HERE IS POSITIVE PROOF
That tho Growth ef the Hair Oaa
bo Utlueaeed tor the Better.
Even when absolutely healthy to bogta with,
n eta be made to grow much faster sua longer
Uiau U due normally.
Tn above photograph of Miss Frances Marie
Euowltua shows what care, parstiuuiee aud a
gitudbatr luvlKoratluf Umlo will de In thewav
of pruUtiolug lialr. This Ultle slrl baa bad
JJautlertue applied to ber hair sua scalp r-u
Urly ever iluoe she was three mouths of axe,
with the remit that she now tuts the luusest aud
moet beautiful bead ol hair ever pfltuMwaod by a
child of bar ua. ranees Murle l Uiedsugbler
of lir. K. W. Knowlioo, Urt ttuuta f axk Ae
Chlousn. The dortor says that hr hair Is t row
ing Dutch faster than sue Is aud lie la sure it will
tie ku( eouuich to tutich the Boor when she
Stand ereut by the time she 1 four yeara old.
IT ASTONISHES EVERYBODY.
' to ehow bow quickly Dande-
, r i no urim, me unowltoo u
Serine to.. Cliloaao. will send a lr
sample free by return mall to anyone who
Sends us thia advertisement Kith th-ir
liaiua and address and 10 cent la allver or
Stamps 10 pay posing.
i'vt sale by Boston blore Drug Dept.
Is his Intention to remain at the Criterion
until May 1. Then Mrs. Carter will rest
until September, when she will opea la the
Victoria, Mr. Belasco having secured a
Ove-year lease on this theater, 'I aball not
take the play on the road for at least four
and possibly Ave years,' said he. 'It will
take a couple of seasons to get the money
I have Invested out of the play and then
there will be aome profits that la, if for
tune favors us and the dear publlo do not
tire of the play. I am confident, however,
that "Du Barry" will enjoy' the longest
run of any play that has ever been pro
duced in New Tork City.'
"One can gain something of aa Idea of
the eplendor of the production by the
statement that the furnishings alone In
the boudoir scene cost nearly $2,000 and
that the bedspreads are so heavy that It is
almost impossible for Mrs. Carter to lift
them. All of the furniture Is of the
Louis XIV pattern and of the most costly
woods. There are more than seventy-live
people In the guillotine scene, which is
one of the most reallatlo I have ever seen
on the stage.
'Mrs. Patrick Campbell, who Is -having
such splendid success at the Republic, Is,
I -think, Mrs. Carter's peer as an emotional
actress. 8he not only has the artistic
temperament, but is a beautiful woman and
knows how to wesr stunning gowns aa no
other actress on the stage does.
"Charles Hawtry has a splendid play In
A Message From Mara' and I doubt If this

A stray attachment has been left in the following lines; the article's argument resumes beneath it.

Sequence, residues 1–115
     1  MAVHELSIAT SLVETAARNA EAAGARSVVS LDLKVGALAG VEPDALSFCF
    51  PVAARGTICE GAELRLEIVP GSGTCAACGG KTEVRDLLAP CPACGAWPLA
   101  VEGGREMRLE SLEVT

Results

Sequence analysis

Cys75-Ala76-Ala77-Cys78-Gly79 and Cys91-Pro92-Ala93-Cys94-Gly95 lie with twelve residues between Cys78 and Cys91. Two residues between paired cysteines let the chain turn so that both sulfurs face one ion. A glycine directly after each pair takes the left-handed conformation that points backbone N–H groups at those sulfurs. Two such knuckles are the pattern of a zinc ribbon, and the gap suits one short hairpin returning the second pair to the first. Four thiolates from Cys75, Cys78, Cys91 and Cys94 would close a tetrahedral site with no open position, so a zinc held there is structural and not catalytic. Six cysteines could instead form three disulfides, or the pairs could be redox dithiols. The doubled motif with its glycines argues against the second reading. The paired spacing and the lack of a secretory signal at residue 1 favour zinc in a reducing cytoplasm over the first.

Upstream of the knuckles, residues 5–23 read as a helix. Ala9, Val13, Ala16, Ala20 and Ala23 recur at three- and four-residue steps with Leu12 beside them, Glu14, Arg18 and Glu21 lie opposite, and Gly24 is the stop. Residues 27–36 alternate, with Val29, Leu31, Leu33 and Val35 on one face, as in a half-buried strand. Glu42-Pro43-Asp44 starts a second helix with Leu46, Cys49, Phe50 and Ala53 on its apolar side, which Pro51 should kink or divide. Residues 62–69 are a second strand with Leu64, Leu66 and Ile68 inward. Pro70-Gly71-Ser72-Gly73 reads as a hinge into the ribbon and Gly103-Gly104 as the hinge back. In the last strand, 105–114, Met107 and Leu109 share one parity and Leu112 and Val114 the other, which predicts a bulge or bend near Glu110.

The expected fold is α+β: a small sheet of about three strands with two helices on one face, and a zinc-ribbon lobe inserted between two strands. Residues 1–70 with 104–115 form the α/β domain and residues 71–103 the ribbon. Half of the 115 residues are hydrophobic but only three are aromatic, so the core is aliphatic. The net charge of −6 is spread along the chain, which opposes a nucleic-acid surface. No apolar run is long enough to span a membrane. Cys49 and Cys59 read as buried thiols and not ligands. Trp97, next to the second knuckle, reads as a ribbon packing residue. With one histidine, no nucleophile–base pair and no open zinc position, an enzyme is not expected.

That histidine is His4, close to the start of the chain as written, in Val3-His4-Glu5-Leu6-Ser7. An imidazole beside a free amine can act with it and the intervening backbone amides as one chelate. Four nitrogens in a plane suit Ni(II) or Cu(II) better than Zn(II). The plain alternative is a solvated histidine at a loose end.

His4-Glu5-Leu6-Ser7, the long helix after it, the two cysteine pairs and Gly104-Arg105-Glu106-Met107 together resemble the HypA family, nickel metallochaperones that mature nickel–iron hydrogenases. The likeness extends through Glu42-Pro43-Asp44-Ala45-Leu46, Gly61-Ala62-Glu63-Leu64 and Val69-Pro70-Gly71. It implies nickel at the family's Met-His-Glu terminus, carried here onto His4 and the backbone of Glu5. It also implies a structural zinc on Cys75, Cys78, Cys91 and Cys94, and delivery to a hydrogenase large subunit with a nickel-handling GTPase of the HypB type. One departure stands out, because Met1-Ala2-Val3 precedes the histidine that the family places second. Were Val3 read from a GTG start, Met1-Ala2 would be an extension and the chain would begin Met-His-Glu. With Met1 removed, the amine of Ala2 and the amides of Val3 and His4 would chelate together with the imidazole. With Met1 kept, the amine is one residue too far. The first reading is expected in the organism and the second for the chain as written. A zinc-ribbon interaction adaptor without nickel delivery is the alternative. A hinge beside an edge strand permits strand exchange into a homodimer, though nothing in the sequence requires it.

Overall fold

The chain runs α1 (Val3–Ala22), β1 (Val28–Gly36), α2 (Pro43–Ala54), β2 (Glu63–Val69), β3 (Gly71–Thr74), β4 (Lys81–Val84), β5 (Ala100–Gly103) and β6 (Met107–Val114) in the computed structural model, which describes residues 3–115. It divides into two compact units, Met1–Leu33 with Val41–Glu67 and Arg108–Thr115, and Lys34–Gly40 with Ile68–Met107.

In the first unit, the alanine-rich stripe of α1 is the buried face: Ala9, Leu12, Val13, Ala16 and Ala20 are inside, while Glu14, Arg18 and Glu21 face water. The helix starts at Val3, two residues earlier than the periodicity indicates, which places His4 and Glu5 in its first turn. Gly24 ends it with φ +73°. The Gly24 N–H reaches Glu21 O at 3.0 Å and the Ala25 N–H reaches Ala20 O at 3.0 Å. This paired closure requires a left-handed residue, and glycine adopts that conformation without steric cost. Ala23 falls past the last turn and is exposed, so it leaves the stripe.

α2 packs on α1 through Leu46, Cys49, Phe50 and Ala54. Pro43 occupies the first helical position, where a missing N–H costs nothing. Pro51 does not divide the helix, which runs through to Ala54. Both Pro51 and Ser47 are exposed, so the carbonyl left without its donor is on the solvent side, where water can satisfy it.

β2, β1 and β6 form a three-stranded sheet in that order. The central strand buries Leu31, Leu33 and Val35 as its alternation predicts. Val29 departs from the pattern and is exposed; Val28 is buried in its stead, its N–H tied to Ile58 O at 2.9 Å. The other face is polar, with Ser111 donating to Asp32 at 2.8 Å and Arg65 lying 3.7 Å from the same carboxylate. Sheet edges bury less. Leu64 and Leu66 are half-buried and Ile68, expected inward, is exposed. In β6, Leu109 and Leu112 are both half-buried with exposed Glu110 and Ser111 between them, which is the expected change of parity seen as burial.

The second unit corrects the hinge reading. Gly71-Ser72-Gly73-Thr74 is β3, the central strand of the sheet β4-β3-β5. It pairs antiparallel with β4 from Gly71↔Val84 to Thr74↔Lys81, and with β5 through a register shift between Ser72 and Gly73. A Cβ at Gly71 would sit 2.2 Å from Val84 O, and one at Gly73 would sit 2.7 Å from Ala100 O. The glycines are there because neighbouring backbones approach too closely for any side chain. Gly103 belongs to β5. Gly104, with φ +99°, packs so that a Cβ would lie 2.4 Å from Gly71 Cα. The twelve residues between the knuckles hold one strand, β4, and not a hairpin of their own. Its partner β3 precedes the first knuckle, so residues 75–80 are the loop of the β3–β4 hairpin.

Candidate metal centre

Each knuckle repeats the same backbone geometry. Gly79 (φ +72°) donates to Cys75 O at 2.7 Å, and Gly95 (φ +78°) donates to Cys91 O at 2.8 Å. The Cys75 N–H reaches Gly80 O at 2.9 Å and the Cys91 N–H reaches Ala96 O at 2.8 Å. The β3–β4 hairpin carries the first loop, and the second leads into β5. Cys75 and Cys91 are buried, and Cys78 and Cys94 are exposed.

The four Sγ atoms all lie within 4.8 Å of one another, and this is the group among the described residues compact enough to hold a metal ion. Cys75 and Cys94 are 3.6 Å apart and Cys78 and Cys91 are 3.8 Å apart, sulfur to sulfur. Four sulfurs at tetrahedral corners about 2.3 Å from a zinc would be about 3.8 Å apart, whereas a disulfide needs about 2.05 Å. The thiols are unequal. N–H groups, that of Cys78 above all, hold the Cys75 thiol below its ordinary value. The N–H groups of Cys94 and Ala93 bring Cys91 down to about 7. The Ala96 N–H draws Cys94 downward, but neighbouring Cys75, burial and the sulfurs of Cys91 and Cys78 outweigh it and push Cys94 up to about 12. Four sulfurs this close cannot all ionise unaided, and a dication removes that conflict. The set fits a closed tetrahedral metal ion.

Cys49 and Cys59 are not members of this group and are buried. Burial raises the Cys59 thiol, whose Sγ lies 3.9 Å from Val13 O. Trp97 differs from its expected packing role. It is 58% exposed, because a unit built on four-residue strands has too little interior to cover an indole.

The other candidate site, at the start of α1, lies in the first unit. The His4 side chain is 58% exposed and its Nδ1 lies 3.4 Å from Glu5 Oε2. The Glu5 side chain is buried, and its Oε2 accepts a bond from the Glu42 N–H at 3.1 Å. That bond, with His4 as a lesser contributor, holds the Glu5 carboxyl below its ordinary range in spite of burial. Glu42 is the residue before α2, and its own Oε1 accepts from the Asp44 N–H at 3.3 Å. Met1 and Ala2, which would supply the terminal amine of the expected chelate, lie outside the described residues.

country has his equal as an actor aside
from Mansfield. He could stay In New
York and play to crowded houses for at
least two years. If not longer, in this same
clav, ao it la doubtful If we in the west
will have an opportunity of seeing him for
'I saw 'The Toreador, the new comic
opera In which Francis Wilson naa me
leading part, and was much Impressed with
It. Christy McDonald and Joseph Coyne
are making the big hit of the play, and
Wilson is pushed somewhat In the back
ground, although New Yorkers say his part
of Tiger Is the best thing he has ever done
In New York. Coyne has a song in the
piece, entitled 'Everybody is Awfully
Good to Me, Don't You Know' that ia a
a greater hit than was Dixie's famous 'It's
English, Quite English, You Know.' We
won't get to see It here for another season
or ao anyway. At the casino Anna Heia
Is doing only a fair business with her new
musical comedy, 'The Little Duchess.' The
costumes worn by the women In this play
are the finest I have ever seen of their
kind outside ef a drawing room. Tbey are
all evening gowns and of the moat elab
orate style. Omaha will probably get a
look at Miss Held next season.
"At the Victoria Otis Skinner was mak
ing a splendid Impression with 'Franceses
dl Rlmtnl,' In which he was seen In Omaha
early this season. He Is attracting large
crowds, although not unusually so. May
Irwin revived 'Widow Jones' while I was
there and It did not seem to catch on very
well. At Daly's 'Frocks and Frills' was
the offering. It Is a rather mediocre
thing and is not drawing well. Annie Rus
sell, In 'The Olrl and the Judge,' has a
good play, yet Is not doing anything more
than aa ordinary business.
"In the vernacular of the street, vaude
ville Is a 'dead one In New York, and few
outside of the city's floating population
are ever seen inside the vaudeville the
iters. Keith's) is the only one of the
variety . houses that is doing what . might
he called good business. Pastor, of course,
has a clientele that will stay with him
as long as he continues to sing his own
songs at each performance. Weber and
Fields play to crowded houses nightly. At
present they have on a burlesque called
the 'Curl and tha Judge.' Weber, Field,
Sam Bernard and Frits Williams are the
hits of the show. De Wolf Hopper, Lit